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In Jainism

General definition (in Jainism)

Source: Wisdom Library: Jainism

Mahākāla (महाकाल) refers to a class of piśāca deities according to both the Digambara and Śvetāmbara traditions of Jainism. The piśācas refer to a category of vyantaras gods which represents one of the four classes of celestial beings (devas).

The deities such as Mahākālas are defined in ancient Jain cosmological texts such as the Saṃgrahaṇīratna in the Śvetāmbara tradition or the Tiloyapaṇṇati by Yativṛṣabha (5th century) in the Digambara tradition

Source: Trisastisalakapurusacaritra

1) Mahākāla (महाकाल) and Kāla are the two Indras (i.e., lords or kings) of the Piśācas who came to the peak of Meru for partaking in the birth-ceremonies of Ṛṣabha, according to chapter 1.2 [ādīśvara-caritra] of Hemacandra’s 11th century Triṣaṣṭiśalākāpuruṣacaritra: an ancient Sanskrit epic poem narrating the history and legends of sixty-three illustrious persons in Jainism.

2) Mahākāla (महाकाल) refers to one of the nine treasures mentioned in chapter 1.4 [ādīśvara-caritra] of Hemacandra’s 11th century Triṣaṣṭiśalākāpuruṣacaritra: an ancient Sanskrit epic poem narrating the history and legends of sixty-three illustrious persons in Jainism.

Accordingly: “At the end of the four days’ fast, the nine famous treasures approached him (i.e., king Bharata), each always attended by one thousand Yakṣas, Naisarpa, Pāṇḍuka, Piṅgala, Sarvaratnaka, Mahāpadma, Kāla, Mahākāla, Māṇava, Śaṅkhaka. They were mounted on eight wheels, eight yojanas high, nine yojanas broad, twelve yojanas long, their faces concealed by doors of cat’s-eye, smooth, golden, filled with jewels, marked with the cakra, sun, and moon. [...] As their guardians, Nāgakumāra-gods with names the same as theirs, with life-periods of a palyopama, inhabited them. [...] The origin of coral, slabs of silver and gold, pearls, and iron, of mines of iron, etc., is in Mahākāla”.

3) Mahākāla (महाकाल) is the presiding deity of Keyūpa: one of the four Pātāla-vessels in the Lavaṇoda surrounding Jambūdvīpa which is situated in the “middle world” (madhyaloka), according to chapter 2.2.—Accordingly, “[...] In it (i.e., Lavaṇoda), in the directions, east, etc., there are 4 Pātāla-vessels, named Vaḍavāmukha, Keyūpa, Yūpaka, Īśvara, respectively, beginning with the east. They are 100,000 yojanas high; have walls of diamond 1,000 yojanas thick; are 10,000 yojanas wide at top and bottom; and have water in the third part supported by wind, resembling large clay water-jars. In them, the gods Kāla, Mahākāla, Velamba, and Prabhañjana, respectively, live in pleasure-houses”.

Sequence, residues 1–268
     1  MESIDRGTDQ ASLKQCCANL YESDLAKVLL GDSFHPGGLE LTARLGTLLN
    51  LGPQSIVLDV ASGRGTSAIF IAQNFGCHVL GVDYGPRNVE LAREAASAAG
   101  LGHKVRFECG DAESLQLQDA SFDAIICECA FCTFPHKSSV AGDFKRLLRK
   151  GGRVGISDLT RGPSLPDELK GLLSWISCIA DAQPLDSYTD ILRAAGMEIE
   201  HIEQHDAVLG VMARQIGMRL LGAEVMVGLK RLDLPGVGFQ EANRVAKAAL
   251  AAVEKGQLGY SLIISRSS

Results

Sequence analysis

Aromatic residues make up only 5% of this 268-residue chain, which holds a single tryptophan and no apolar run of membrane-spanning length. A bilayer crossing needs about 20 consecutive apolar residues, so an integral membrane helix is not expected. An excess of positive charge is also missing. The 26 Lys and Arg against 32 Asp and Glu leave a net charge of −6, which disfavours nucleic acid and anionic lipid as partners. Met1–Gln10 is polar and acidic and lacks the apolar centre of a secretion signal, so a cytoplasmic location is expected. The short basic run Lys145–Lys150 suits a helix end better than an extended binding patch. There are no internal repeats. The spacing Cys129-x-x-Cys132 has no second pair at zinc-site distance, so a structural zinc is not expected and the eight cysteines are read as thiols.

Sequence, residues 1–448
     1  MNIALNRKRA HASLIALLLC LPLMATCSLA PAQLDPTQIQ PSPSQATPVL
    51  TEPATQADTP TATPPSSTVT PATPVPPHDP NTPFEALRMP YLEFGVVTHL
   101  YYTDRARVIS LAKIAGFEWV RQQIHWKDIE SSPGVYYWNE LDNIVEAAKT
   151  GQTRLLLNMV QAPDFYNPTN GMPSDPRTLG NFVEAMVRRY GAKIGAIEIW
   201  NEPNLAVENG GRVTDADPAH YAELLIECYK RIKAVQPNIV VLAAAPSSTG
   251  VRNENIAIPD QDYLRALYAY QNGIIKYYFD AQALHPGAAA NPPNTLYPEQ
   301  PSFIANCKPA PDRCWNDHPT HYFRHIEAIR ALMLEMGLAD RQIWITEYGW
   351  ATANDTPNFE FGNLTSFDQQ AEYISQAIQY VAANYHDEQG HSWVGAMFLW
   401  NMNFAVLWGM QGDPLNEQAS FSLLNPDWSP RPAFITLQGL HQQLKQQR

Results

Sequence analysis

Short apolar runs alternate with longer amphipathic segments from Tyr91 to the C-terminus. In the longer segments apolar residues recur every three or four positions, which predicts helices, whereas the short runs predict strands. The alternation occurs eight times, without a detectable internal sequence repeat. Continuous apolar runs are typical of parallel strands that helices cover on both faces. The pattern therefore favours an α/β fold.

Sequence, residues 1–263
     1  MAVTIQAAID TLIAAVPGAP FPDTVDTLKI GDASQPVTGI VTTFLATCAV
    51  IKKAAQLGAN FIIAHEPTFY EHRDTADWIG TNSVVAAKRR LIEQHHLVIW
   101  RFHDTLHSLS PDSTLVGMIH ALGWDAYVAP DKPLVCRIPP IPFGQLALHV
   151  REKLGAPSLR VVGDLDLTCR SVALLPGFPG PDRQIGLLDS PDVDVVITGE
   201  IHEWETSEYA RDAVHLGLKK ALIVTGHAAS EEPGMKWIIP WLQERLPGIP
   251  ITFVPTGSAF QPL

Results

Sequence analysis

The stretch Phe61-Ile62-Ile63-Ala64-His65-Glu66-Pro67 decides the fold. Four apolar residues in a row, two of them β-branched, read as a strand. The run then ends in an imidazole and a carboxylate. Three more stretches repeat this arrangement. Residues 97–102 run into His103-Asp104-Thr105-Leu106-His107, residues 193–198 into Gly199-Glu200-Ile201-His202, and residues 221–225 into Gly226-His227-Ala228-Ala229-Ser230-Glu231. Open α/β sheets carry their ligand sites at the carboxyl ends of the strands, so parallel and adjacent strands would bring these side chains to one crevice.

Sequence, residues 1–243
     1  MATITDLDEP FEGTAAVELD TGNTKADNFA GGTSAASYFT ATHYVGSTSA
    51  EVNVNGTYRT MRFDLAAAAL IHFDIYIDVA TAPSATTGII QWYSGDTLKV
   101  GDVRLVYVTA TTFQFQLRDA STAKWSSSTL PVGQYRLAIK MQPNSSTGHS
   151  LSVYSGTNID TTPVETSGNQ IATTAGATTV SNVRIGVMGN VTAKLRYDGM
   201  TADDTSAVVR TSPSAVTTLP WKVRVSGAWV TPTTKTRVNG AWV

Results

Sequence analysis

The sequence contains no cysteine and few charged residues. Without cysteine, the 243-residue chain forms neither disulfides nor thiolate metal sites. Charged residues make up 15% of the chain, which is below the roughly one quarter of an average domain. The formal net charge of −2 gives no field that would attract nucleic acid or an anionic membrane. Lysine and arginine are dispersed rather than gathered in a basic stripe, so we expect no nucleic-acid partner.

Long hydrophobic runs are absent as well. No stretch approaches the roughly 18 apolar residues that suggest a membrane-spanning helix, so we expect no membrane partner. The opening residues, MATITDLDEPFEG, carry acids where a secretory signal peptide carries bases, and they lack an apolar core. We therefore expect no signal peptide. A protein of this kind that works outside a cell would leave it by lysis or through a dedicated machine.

4) Mahākāla (महाकाल) is the name of a ram, according to chapter 5.4 [śāntinātha-caritra].—Accordingly, as King Ghanaratha said:—“[...] The two buffaloes (i.e., incarnations of Tāmrakalaśa and Kāñcanakalaśa), arrogant as buffaloes of Kṛtānta, were made to fight by the sons of the king of Ayodhyā out of curiosity. After they had fought a long time, they died, and became strong-bodied rams, Kāla and Mahākāla. Meeting by chance in the same place they fought because of former hostility, died, and were born as these cocks with equal strength. One was not conquered by the other. Now as before one will not be conquered by the other. [...]”.

Source: Encyclopedia of Jainism: Tattvartha Sutra 4: The celestial beings (deva)

Mahākāla (महाकाल) refers to one of the two Indras (lords) of the Piśāca class of “peripatetic celestial beings” (vyantara), itself a main division of devas (celestial beings) according to the 2nd-century Tattvārthasūtra 4.6. Kāla and Mahākāla are the two lords in the class ‘goblin’ peripatetic celestial beings.

Source: Tessitori Collection I

Mahākāla (महाकाल) refers to one of the  fifteen Paramādhārmīs causing suffering in the hells (naraka), according to Rājasoma’s “Naraka ko coḍhālyo”, which is included in the collection of manuscripts at the ‘Vincenzo Joppi’ library, collected by Luigi Pio Tessitori during his visit to Rajasthan between 1914 and 1919.—No name of any source is given in the text but the three stages followed in the exposition correspond closely to those found in a handbook such as Nemicandrasūri’s Pravacanasāroddhāra, [e.g.,] 3) sufferings inflicted by the fifteen Paramādhārmīs [e.g., Mahākāla]. [...] These gods (here Sūra or Deva) form a sub-class of the Asurakumāras and perform their tasks in the first, second and third hells.